Cosmicmaterial that has settled on the moon over billions of years could shed lighton where a peculiar type of nitrogen in our solar system came from, a new studysuggests.
The powdery lunarsurface contains isotopes of nitrogen that, for the most part, appear tohave been carried there by still enigmatic sources. Scientists have long knownthere are different types of nitrogen on the moon, but how it all got there isunknown.
"Somehow, we seea substantial amount of nitrogen on themoon, over and above the well-known solar wind, and we don't have a singleclue as to where it comes from," said cosmochemist John Kerridge at the University of California, San Diego in LaJolla, a co-investigator of the study into the lunar conundrum. "It's justbaffling."
Where did it comefrom?
Although the sun'ssolar wind has deposited nitrogen on the moon, this solar nitrogen mostlyconsists of lighter isotopes, as NASA's Genesis spacecraft revealed in samplesit collected of the solar wind. Incontrast, a much heavier combination of nitrogen isotopes outnumbers this solarnitrogen roughly 10 to one on the moon.
"Thenitrogen in the atmosphere we're breathing is not the same that was initiallypresent in the solar system," said study co-investigator cosmochemist KurtMarti also of the University of California, San Diego in La Jolla.
Solving the mysterybehind where this "non-solar" nitrogen comes from could shed light onthe ancient forces that drove the origins and evolution of Earth and the restof the solar system. One alternative regarding theorigin of non-solar nitrogen is that it came from comets.
"It'snot a complete fit, though ? cometsalso are strongly enriched in deuterium, which we don't see as much of on themoon," Marti said.
Marti andKerridge detailed this research in the May 28 issue of the journal Science.
Nitrogenfrom deep space
Anotherpossibility is that this nitrogen came from interstellarspace as our solar system traveled around the galaxy. Telescopes are now powerfulenough to scan interstellar matter for what nitrogen isotopes they possess,Marti noted.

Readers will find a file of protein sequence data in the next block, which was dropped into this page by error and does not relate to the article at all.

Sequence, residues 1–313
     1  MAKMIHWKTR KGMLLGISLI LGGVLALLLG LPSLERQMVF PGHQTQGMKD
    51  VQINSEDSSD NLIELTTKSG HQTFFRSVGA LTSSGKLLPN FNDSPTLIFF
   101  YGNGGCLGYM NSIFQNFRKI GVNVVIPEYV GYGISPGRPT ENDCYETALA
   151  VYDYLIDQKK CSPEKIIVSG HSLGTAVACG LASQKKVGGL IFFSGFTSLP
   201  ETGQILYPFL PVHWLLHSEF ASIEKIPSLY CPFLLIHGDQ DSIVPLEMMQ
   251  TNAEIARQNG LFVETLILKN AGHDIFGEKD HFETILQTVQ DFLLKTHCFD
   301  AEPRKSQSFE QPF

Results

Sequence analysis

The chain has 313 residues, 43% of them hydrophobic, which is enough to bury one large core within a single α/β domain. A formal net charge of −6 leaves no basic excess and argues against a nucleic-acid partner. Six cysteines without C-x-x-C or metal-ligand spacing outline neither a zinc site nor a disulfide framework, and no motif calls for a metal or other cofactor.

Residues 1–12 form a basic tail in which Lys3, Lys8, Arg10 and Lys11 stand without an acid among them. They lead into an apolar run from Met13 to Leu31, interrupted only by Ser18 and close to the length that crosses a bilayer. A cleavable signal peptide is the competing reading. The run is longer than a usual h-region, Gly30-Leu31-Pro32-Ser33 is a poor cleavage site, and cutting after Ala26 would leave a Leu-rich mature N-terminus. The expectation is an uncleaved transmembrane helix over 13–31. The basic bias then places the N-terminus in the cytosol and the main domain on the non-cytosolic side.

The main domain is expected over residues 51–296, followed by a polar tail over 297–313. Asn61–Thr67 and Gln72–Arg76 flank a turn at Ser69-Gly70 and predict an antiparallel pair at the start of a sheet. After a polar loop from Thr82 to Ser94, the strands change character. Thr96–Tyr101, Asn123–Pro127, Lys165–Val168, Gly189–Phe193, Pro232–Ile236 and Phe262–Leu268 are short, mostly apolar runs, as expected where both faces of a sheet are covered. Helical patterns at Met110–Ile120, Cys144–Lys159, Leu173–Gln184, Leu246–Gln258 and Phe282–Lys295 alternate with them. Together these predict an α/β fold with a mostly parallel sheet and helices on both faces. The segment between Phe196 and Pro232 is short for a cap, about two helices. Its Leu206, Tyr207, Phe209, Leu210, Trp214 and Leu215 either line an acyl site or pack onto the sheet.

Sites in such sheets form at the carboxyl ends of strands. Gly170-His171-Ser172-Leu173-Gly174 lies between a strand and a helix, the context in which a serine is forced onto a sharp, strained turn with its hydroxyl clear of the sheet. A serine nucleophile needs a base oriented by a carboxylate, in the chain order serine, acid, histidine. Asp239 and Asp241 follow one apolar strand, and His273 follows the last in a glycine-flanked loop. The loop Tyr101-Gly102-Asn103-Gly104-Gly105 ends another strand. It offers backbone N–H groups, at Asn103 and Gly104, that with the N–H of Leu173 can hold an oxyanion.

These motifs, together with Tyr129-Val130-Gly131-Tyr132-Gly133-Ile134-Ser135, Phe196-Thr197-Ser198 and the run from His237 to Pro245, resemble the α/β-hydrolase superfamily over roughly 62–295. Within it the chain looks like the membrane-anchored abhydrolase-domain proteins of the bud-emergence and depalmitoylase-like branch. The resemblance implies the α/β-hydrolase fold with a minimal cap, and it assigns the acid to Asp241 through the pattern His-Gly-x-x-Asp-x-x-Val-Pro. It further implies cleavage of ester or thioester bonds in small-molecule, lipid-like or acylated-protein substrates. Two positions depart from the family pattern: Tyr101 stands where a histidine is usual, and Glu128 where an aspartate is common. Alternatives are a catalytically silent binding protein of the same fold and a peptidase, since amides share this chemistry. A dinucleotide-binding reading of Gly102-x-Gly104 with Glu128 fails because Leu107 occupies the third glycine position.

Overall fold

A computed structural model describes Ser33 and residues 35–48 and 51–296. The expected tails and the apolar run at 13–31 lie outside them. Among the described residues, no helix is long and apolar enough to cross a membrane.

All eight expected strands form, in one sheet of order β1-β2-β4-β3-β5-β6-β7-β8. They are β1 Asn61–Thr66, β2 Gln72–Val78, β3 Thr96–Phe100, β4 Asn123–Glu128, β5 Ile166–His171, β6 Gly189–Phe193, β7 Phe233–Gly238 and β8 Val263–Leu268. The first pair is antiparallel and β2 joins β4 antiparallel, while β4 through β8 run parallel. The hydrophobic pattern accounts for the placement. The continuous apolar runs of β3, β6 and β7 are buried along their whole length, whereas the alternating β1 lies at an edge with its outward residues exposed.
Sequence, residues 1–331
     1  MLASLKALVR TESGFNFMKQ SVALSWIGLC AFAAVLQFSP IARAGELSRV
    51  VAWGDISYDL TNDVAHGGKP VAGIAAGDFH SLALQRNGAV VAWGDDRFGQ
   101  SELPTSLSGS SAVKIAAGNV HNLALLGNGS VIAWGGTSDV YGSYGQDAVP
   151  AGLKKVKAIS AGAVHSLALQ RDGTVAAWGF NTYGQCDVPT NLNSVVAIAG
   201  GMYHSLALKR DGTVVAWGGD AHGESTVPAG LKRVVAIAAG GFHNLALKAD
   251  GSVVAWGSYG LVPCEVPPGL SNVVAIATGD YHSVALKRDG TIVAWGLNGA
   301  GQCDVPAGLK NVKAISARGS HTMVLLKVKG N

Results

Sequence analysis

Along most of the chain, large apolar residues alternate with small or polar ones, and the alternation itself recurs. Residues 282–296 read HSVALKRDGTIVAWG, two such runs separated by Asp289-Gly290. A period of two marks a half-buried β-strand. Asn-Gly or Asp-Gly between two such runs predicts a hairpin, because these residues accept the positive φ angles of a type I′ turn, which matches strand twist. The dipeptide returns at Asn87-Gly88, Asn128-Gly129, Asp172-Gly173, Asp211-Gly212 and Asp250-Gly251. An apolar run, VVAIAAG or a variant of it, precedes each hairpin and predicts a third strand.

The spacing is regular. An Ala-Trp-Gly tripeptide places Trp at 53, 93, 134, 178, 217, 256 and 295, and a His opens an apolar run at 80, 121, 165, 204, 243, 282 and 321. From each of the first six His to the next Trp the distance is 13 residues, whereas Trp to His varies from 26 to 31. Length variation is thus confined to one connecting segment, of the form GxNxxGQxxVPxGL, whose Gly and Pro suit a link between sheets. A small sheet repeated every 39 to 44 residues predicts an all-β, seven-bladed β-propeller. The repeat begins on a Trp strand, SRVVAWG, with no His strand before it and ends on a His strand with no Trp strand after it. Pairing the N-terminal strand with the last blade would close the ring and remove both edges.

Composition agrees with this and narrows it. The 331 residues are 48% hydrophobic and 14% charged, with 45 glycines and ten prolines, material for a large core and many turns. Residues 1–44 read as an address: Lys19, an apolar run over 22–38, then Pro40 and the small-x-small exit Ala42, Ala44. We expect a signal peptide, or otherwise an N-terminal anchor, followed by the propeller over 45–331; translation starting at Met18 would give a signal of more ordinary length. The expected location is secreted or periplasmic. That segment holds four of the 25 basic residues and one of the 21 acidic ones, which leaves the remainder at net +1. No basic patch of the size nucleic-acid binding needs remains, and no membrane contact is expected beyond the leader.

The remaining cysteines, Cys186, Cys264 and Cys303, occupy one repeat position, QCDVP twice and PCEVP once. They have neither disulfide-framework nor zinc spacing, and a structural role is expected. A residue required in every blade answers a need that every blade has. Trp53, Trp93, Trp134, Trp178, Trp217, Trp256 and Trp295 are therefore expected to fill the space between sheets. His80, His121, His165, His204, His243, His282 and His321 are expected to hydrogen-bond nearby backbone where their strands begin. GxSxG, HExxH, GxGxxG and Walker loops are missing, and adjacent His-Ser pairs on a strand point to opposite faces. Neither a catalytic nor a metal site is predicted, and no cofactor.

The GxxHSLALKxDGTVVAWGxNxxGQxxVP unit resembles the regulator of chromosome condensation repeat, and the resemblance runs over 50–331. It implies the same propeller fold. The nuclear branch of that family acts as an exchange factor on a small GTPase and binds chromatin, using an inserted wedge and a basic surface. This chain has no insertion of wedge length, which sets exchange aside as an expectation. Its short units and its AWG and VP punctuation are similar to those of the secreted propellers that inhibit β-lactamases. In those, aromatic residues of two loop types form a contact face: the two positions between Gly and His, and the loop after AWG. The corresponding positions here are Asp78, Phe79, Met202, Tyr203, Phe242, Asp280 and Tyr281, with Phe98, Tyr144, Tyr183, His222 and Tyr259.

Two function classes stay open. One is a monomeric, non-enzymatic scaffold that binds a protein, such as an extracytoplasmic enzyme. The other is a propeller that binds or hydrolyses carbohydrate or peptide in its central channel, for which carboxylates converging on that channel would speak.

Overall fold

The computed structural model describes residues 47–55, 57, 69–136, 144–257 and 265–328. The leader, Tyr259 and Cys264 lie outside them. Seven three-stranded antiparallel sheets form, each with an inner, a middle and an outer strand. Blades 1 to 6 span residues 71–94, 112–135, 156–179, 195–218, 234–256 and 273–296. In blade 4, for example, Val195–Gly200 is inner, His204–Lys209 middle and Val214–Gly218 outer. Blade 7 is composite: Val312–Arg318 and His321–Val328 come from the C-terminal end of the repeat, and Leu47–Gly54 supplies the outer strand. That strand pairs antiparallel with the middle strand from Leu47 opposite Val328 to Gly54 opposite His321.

The moon could be anideal place to find out where this non-solar nitrogen came from. For instance,judging from lunar samples collected by Apollo 16, "this non-solarnitrogen is still coming in from unknown sources," Marti explained."In the 2-million-year-old South Ray Crater, we see this nitrogen there,and also in another crater made 50 million years ago."
"Thelunar surface is like a history museum," Marti added. "If we canidentify when this nitrogen was implanted in the lunar surface, then we cantrace back what its history was."
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Charles Q. Choi is a contributing writer for Space.com and Live Science. He covers all things human origins and astronomy as well as physics, animals and general science topics. Charles has a Master of Arts degree from the University of Missouri-Columbia, School of Journalism and a Bachelor of Arts degree from the University of South Florida. Charles has visited every continent on Earth, drinking rancid yak butter tea in Lhasa, snorkeling with sea lions in the Galapagos and even climbing an iceberg in Antarctica. Visit him at http://www.sciwriter.us